Category: world war ii

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Narrative Construction in Art Spiegelman’s “Maus”

One thing that I really enjoy about graphic memoirs is the metanarrative nature of the medium. When reading a prose autobiography, the author typically does not draw attention to the compositional aspects of the text. For example, with Benjamin Franklin’s autobiography, we know that he writes to his son; however, he does not refer to the writing of the text or the way he … Read More Narrative Construction in Art Spiegelman’s “Maus”

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Graphic Memoir Project

This semester in my Literature and Composition Graphic Memoirs class I am having students do a creative final project. For this project, they will either create their own graphic memoir or do a “Call and Response” piece for Looking at Appalachia. Since this is a new assignment, I am making my own graphic memoir alongside my students, trying my hand at creating a text. … Read More Graphic Memoir Project

Fences in George Takei’s “They Called Us Enemy”

Some of the strongest symbols within George Takei’s They Called Us Enemy are the fences that surround Rohwer and Tule Lake interment camps. There are multiple panels depicting the barbed wire fences, and various angles occur in each of the panels. These images, coupled with Takei’s words, highlight the psychological effects of xenophobia and racism on individuals, especially children such as Takei. I have … Read More Fences in George Takei’s “They Called Us Enemy”

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What I Learned Acting in “Number the Stars”

Recently, my daughter auditioned for a play at the local community theater. She has been dancing for years, but she has never acted on stage before. For the past few years, she has had the desire to act, and when the auditions came around for the theatrical adaptation of Lois Lowry’s Number the Stars, she tried out for the lead role of Annemarie Johansen. … Read More What I Learned Acting in “Number the Stars”

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The Official Record in Van Jensen and Nate Powell’s “Two Dead”

The back matter of Van Jensen and Nate Powell’s new book, Two Dead, describes it as, “at once a white-knuckled and unputdownable thriller, a roman à clef inspired by true events, and a book about post-traumatic stress disorder and the underlying social traumas of how war and segregation affect their survivors on all fronts.” Today, I want to look at a brief section from … Read More The Official Record in Van Jensen and Nate Powell’s “Two Dead”

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Absolution in “Truth: Red, White, and Black”

A few weeks ago, I taught Robert Morales and Kyle Baker’s Truth: Red, White, and Black. While I had read Truth before, and written about it some, teaching it opened up new ways for me to approach the text. In the blog post I wrote about Truth two years ago, I focused on the ways that Morales and Baker “give voice to those whose … Read More Absolution in “Truth: Red, White, and Black”

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Patriotism and Surveillance in Frank Yerby’s “Salute to the Flag”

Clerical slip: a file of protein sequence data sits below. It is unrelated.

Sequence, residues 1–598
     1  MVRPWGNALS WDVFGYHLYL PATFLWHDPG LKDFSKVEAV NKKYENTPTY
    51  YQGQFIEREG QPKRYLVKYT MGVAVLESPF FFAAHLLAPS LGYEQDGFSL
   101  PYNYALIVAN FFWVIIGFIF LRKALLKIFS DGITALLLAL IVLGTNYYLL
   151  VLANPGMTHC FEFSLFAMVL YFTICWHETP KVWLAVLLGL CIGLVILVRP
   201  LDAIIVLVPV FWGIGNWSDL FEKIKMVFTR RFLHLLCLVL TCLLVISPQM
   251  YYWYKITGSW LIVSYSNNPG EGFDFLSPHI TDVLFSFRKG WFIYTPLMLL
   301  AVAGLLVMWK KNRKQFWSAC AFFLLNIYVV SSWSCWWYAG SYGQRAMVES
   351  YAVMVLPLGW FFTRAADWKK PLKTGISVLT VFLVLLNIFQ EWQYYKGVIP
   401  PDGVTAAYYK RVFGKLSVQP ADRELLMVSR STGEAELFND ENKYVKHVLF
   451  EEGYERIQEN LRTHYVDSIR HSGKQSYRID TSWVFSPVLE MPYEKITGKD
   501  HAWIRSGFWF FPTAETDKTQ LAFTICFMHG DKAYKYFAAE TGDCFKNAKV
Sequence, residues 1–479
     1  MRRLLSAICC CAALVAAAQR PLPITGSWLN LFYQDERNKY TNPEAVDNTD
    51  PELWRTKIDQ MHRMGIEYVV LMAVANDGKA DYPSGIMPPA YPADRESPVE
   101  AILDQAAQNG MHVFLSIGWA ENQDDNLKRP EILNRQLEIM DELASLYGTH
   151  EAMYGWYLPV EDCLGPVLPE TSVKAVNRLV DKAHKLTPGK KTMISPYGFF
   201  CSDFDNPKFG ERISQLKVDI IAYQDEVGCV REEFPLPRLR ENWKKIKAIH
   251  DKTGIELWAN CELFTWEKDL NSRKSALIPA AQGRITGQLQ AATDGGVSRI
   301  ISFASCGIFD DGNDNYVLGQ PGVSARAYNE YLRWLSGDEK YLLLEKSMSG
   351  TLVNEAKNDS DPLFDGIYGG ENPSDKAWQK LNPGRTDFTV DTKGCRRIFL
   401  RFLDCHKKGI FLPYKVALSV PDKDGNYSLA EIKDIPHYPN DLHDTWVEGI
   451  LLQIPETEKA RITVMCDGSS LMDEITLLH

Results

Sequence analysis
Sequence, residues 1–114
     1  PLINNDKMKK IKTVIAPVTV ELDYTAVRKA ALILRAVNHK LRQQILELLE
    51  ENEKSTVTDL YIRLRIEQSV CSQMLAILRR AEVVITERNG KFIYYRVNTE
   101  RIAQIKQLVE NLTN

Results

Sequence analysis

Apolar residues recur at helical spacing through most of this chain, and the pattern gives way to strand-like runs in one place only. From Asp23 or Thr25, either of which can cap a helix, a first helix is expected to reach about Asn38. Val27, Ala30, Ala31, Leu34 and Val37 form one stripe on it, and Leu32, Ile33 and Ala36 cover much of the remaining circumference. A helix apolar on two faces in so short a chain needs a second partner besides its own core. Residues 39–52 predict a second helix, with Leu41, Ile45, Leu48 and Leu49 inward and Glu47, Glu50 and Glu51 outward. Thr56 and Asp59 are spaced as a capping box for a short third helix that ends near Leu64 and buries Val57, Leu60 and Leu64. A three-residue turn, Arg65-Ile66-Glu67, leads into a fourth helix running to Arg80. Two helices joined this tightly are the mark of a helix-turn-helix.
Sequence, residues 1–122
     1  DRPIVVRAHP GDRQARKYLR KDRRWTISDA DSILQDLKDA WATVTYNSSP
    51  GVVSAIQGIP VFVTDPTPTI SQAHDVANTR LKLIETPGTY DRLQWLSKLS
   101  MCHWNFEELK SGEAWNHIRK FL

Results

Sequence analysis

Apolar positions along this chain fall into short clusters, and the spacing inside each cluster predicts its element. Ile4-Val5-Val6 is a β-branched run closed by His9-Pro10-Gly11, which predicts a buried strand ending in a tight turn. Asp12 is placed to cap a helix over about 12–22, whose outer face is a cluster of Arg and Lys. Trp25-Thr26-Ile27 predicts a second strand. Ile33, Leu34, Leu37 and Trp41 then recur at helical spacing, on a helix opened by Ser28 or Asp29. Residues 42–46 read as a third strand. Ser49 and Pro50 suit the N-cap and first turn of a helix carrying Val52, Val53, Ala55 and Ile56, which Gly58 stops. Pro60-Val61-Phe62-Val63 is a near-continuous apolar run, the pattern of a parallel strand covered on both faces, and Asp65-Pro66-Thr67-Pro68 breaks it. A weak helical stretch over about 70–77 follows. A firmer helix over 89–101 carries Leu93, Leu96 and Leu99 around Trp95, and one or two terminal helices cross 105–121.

As a student at Paine College in the mid-1930s, Frank Yerby published “Salute to the Flag” in the November 1936 issue of the school’s newspaper The Paineite. Eight years later, Yerby won the O’Henry prize for his short story “Health Card,” a story that focuses on a Black serviceman and his wife during World War II. I mention this story because “Salute to the … Read More Patriotism and Surveillance in Frank Yerby’s “Salute to the Flag”

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Frank Yerby’s “Health Card” and Gender

Before he started writing “costume novels,” Frank Yerby penned protest literature in the form of short stories and poems. The stories are in the vein of Richard Wright and other African American writers of the period. After failing to get his first novel length manuscript published, a protest novel, Yerby turned to what he called “costume novels,” historical narratives that subvert the plantation tradition. … Read More Frank Yerby’s “Health Card” and Gender

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The “Double V Campaign” in “Captain America/Black Panther: Flags of Our Fathers”

Recently, I’ve been writing about Christopher Priest’s Black Panther, specifically about Priest’s use of Everett K. Ross, “Emperor of Useless White Boys,” as the narrative voice of the book. Today, I want to look at some of Reginald Hudlin’s work as head of Black Panther. I have read a couple of issues of Hudlin’s run, but I do not want to focus on those … Read More The “Double V Campaign” in “Captain America/Black Panther: Flags of Our Fathers”

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Dorie Miller, Joe Louis, and World War II

Last week, we remembered December 7, 1941, and that commemoration made me think about the ways that the government used African American bodies, during World War II, to boost morale and support the war effort. Two instances of the government’s deployment of African Americans in “propaganda” posters comes to mind: Dorie Miller and Joe Louis.   When the Japanese attacked Pearl Harbor, Dorie Miller … Read More Dorie Miller, Joe Louis, and World War II